Taking a look from the PPE perspective

Lee Taylor, Wenaas, UK, explores the importance of specially designed PPE and work wear for the increasingly extreme environments faced by the oil and gas industry.

Attitudes towards offshore health and safety have come a long way in recent years. Heightened regulatory processes along with major advances in technology have meant that offshore workers are now better equipped to deal with the increasing demands of their roles in harsher climatic environments than ever before.

Health and safety has become a huge industry in its own right, with oil and gas industry bodies funding a multitude of research and development projects to provide the latest safety resources for their workforce. Included in this is the personal protective equipment and work wear sector, which has progressed in tandem with other strands of health and safety. As the offshore workforce evolves, so does the requirement for updated PPE and work wear. This is perfectly illustrated by the recent research undertaken by a university based in Aberdeen, which has assessed the implications of a physically growing offshore workforce upon a number of health and safety measures in general – not least the efficacy of PPE and work wear. The question is – have the work force’s habits changed sufficiently to ensure the right procedures are being followed?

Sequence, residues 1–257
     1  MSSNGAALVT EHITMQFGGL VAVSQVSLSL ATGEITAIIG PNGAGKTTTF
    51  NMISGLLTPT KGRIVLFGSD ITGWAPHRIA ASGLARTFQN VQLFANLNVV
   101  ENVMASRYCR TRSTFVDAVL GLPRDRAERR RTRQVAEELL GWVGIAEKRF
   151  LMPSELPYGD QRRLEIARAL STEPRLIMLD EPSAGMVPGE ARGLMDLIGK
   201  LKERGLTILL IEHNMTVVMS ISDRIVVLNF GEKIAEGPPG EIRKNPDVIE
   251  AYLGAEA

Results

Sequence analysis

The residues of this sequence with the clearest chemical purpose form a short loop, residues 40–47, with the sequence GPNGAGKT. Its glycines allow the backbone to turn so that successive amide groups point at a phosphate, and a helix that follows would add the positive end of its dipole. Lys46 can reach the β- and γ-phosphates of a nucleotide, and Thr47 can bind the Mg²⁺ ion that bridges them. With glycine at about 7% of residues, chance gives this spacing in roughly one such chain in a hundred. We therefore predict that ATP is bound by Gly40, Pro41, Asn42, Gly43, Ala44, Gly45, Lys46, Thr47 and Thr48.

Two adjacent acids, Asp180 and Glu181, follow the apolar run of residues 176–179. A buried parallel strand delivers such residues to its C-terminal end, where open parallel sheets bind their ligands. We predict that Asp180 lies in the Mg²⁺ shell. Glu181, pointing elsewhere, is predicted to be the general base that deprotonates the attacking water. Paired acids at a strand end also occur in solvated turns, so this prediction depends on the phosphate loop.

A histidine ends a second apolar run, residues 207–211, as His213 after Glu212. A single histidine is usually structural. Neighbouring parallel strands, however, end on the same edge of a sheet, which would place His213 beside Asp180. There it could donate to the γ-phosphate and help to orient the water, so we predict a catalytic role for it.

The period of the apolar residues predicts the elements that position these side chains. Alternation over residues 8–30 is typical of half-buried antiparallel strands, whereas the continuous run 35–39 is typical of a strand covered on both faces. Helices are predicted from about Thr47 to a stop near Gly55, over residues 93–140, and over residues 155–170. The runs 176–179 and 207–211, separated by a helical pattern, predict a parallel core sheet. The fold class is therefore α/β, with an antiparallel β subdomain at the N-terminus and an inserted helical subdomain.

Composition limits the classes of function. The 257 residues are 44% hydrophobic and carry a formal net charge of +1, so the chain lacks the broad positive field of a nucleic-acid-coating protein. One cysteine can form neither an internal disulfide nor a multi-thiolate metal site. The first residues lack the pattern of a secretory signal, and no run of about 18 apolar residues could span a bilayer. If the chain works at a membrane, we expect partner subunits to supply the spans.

Wenaas is a designer and manufacturer of work wear and PPE, and understands the importance of investment in research and development to continually optimise and improve work wear and PPE. It is on the basis of this commitment to R&D - and a ‘head-to-toe safety’ ethos - that Wenaas has been involved in research projects which aim to develop superior protection work wear, fit to cope with the extreme demands that the petroleum industry supplies.


Wenaas Arctic range.

This is important, because whilst the North Sea offshore industry holds a relatively positive track record for safety, E&P activity is moving into more hazardous, remote and ultimately more dangerous areas, as the search for reserves continues. This presents increasingly challenging environments within which work wear and PPE must perform, whilst highlighting the need for the emergence of innovative solutions and education on how to use those solutions to their best advantage.

Arctic protection development